I was then on different anti-depressants for about a year and a half, seeing things in a haze, but living life enough to get through the worst of it. After being put on medication, my lows weren’t as desperately low but I still wasn’t 100% myself. I never had health insurance so I never had a therapist to talk to or help me to understand why I had become someone else for far too long. The next few years I struggled with my identity and had to discover again what truly makes me happy.

    I haven’t taken anti-depressants in about 2 years and I never want to again. I will admit that the medication got me through the worst of it, but it also prohibited me from living my life for a very long time. After weaning myself off of the meds, I eventually learned how to cope better with disappointment and rejection, but I would be lying if I told you I’m back to 100% even after the worst depression being 3 years ago. I believe that I will always have the disease lingering in my body, waiting to surface if I allow it. Some believe (including myself) that depression is hereditary and I know of my own family members who have suffered from it in a major way and still take medication for depression.

    ——————

    To this day, I have to make my decisions carefully. I have learned that because I am so sensitive to other’s perceptions of myself that I must be very careful of whom I let in or trust. I am still trying to learn to have more self worth and self respect. It’s hard to regain that when you had NONE for years. Depression has also taught me to be more compassionate and understanding. But more importantly, I have learned that even the strongest people are affected by this disease.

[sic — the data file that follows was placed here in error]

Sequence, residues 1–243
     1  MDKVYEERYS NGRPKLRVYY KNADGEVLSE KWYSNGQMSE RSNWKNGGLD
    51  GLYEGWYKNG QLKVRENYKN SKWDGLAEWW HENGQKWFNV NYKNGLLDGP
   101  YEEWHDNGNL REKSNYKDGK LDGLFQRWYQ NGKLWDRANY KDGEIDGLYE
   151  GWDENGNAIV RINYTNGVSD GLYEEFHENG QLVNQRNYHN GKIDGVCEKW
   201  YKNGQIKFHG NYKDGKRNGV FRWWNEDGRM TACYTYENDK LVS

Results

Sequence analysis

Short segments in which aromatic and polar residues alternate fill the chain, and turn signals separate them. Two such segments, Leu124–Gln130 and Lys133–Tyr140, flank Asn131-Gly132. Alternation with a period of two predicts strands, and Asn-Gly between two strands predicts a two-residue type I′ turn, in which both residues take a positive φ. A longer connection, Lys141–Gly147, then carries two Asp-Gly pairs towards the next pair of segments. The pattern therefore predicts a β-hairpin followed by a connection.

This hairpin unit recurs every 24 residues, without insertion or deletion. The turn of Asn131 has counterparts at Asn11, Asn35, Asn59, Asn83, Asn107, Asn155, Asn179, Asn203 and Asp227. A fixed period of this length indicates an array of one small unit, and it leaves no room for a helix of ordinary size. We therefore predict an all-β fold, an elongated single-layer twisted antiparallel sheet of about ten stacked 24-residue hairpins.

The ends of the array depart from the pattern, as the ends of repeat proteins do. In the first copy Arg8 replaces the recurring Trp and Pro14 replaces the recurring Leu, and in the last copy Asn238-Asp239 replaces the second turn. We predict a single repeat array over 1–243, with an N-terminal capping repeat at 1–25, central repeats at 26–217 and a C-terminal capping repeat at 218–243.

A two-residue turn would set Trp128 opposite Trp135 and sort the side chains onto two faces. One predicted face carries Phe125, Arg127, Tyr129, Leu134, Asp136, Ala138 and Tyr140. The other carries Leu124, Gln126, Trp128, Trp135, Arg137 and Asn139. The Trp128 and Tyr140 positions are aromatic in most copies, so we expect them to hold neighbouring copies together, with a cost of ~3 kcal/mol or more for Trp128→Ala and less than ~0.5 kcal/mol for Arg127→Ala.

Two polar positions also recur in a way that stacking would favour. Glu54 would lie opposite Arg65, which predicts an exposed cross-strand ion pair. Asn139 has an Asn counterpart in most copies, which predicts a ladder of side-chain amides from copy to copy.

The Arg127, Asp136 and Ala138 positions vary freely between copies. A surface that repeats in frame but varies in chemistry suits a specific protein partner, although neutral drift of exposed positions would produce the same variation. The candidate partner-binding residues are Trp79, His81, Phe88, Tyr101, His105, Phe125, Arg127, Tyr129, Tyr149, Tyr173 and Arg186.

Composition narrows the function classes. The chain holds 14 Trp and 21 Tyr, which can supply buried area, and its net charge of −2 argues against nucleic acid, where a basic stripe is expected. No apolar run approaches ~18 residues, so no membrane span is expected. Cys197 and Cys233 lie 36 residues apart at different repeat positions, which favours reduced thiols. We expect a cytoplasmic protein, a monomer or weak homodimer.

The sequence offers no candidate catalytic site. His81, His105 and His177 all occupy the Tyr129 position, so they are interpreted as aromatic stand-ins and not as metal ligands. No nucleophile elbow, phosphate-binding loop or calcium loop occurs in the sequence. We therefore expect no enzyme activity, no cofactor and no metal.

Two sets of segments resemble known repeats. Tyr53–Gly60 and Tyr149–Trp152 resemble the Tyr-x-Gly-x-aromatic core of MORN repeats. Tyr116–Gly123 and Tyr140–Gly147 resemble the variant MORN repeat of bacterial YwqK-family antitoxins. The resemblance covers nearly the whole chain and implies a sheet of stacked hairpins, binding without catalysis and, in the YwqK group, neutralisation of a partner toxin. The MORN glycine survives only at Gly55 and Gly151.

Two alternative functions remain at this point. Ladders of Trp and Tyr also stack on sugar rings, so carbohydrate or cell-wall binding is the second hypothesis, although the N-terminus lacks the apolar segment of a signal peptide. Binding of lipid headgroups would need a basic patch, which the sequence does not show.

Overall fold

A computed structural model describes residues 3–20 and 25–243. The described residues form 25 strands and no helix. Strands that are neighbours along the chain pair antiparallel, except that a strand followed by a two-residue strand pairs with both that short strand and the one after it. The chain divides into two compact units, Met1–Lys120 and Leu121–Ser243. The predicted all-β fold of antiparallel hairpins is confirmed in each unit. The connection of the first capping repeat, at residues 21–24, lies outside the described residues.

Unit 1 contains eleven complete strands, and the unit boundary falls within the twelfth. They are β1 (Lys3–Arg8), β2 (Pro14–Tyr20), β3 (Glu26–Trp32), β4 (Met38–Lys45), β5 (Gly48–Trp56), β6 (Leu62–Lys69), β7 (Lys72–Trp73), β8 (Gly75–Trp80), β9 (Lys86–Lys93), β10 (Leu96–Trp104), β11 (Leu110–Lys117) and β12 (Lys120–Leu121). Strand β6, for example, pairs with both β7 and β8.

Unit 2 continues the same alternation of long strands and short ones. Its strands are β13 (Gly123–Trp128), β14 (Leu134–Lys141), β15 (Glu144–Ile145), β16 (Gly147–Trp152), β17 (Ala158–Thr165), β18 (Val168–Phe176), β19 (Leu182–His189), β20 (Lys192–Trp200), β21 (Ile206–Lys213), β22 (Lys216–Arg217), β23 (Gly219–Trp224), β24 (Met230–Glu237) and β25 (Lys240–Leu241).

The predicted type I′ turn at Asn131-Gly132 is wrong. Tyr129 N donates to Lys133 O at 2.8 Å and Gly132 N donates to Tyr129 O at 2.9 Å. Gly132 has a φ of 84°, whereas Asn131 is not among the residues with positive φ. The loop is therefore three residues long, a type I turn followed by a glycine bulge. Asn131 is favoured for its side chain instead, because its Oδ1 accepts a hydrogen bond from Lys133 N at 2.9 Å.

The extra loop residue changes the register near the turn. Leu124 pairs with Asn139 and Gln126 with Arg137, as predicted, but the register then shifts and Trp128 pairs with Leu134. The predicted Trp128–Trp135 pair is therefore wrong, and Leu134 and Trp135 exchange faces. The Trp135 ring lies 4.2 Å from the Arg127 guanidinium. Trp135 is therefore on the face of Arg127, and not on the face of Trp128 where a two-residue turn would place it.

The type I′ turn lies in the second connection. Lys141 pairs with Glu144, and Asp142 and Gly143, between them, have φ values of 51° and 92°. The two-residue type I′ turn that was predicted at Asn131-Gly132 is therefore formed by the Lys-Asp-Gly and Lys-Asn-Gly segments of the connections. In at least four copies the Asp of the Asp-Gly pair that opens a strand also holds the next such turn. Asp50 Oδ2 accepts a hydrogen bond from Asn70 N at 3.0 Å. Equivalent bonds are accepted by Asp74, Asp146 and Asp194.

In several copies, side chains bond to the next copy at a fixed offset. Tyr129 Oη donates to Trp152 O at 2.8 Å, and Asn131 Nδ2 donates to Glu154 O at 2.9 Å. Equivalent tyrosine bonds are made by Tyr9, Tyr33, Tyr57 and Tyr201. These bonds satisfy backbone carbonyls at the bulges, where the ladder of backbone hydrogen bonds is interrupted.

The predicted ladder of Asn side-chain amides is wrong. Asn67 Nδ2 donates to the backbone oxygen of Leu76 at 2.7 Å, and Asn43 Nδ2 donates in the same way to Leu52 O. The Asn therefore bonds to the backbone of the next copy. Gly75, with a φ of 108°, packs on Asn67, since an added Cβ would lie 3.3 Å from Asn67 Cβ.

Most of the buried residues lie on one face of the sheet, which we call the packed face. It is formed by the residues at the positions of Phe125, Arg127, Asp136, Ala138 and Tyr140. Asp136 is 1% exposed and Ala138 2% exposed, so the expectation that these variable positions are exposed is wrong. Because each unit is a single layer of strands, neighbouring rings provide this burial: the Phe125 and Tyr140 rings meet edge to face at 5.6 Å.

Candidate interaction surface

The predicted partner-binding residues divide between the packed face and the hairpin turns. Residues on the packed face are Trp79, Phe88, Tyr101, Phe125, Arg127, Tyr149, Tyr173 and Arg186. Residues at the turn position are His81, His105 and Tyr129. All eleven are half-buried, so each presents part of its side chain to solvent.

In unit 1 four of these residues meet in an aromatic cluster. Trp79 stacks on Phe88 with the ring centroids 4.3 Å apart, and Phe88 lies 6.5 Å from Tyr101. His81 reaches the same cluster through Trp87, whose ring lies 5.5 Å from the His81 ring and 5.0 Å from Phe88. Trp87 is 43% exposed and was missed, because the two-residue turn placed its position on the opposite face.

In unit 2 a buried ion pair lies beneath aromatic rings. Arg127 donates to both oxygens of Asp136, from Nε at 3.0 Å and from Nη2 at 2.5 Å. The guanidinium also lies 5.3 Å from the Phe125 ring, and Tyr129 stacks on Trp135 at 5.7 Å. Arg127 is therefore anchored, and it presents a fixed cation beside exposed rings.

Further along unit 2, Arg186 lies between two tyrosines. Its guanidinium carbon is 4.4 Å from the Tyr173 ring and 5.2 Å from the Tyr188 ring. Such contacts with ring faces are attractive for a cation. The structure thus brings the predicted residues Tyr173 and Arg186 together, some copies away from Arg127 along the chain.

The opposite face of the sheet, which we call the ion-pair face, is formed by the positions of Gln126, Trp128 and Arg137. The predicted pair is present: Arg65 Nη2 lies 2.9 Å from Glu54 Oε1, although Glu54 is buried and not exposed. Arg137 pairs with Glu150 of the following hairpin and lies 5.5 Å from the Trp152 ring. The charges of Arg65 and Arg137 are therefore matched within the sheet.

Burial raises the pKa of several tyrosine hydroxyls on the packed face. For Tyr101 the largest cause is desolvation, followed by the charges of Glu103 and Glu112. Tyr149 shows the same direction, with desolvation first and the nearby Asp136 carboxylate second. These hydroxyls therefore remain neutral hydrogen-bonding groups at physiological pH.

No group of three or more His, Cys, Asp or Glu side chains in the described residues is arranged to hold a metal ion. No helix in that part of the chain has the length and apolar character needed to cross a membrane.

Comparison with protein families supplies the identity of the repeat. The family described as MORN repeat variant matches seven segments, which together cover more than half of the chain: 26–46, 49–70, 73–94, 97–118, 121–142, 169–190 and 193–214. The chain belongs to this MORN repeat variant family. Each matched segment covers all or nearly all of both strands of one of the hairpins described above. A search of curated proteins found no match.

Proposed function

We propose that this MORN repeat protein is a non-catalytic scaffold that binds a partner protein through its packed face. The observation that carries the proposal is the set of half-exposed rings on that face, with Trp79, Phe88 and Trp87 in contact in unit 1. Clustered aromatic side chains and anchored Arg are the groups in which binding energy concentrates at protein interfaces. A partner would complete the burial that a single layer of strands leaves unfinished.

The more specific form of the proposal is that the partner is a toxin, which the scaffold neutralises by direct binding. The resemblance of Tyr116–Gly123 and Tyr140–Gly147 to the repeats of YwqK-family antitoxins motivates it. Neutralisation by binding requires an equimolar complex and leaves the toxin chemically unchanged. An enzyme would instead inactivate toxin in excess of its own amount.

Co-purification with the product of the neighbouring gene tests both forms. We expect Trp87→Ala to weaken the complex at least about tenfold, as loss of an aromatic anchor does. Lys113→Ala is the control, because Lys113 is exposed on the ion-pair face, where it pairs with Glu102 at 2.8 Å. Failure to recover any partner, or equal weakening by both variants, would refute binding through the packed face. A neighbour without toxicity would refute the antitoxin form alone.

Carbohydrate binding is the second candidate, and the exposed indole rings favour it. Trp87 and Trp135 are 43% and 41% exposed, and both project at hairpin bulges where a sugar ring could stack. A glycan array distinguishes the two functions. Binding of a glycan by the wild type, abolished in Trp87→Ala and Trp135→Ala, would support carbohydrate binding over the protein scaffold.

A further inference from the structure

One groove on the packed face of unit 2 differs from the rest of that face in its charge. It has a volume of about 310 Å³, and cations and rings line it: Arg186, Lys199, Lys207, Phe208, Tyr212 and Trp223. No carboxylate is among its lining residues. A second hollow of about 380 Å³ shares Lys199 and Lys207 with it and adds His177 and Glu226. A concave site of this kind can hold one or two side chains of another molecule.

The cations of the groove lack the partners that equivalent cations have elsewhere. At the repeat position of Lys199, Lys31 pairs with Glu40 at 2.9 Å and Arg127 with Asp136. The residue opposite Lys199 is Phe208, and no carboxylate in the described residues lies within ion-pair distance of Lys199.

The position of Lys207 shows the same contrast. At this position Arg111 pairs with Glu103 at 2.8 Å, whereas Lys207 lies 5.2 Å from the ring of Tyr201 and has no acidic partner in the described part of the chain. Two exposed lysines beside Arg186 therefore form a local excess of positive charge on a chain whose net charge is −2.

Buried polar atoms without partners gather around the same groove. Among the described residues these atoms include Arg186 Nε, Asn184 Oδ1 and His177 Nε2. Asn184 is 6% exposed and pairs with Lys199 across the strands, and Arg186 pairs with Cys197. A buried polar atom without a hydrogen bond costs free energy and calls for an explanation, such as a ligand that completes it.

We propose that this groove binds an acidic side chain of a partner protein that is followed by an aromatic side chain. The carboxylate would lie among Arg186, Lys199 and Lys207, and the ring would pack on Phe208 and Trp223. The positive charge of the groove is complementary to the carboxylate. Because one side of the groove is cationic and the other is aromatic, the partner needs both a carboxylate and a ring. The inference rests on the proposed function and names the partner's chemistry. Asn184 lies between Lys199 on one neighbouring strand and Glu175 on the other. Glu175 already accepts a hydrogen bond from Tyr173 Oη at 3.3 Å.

Depression does not discriminate.

     

    Depression is, without a doubt, a disease that controls one’s mind. It is a chemical imbalance in the brain that takes over one’s conscience and poisons it with the worst thoughts imaginable. It is not laziness, selfishness or irresponsibility, although it may manifest itself as those things. I guess you could say that depression is selfishness in the sense that the depressed is only consumed with his/her own thoughts of worthlessness. But even that’s a half-empty observation. In most cases, a person who is clinically depressed would probably rather others not focus on them at all because they don’t feel the attention is warranted. If you have never experienced depression yourself, these concepts are very hard to grasp. Depression is most definitely a twisted mind-screw. It is the devil of your mind that you can’t silence, no matter how hard you try.

     

    There Are Signs

     

    The next time you notice someone being distant, sad or deflated, ask yourself if you think it may be depression. If someone you love sleeps in too late, misses engagements, is losing weight, is always disengaged or is constantly bringing up the same issue in a subtle way, ask them seriously if they are well. Listen to them and offer help in any way you can. If there are any signs of depression, do not ignore them. Force the person to talk if you must or involve the authorities if need be. You may be able to help someone you truly care about before it is too late. I wish someone had done the same for me when I was 21. If so, there’s a chance I may not have gone through that horrible experience again just a few years later. And maybe if someone had helped the many people who committed suicide before it was too late, they would still be here today.

    Our superficial society has created a stigma that depression is embarrassing but more people should be educated on the true effect that this disease has on millions of people every day, like me, Mike and maybe even your own loved ones.

     

    Just because someone is smiling, doesn’t mean they are not hurting on the inside and you NEVER know what road each person has gone down to get to where they are today. Please help someone suffering from depression if you can and feel free to share my story if it will help.

     

     

    “Funny, when you’re dead how people start listenin’…”    

    ~ ‘If I Die Young’ by The Band Perry

     

     


  10. I’m Married to Social Media

    May 15, 2012 by April Smith

    Last night, I had an epiphany… and it wasn’t a good one.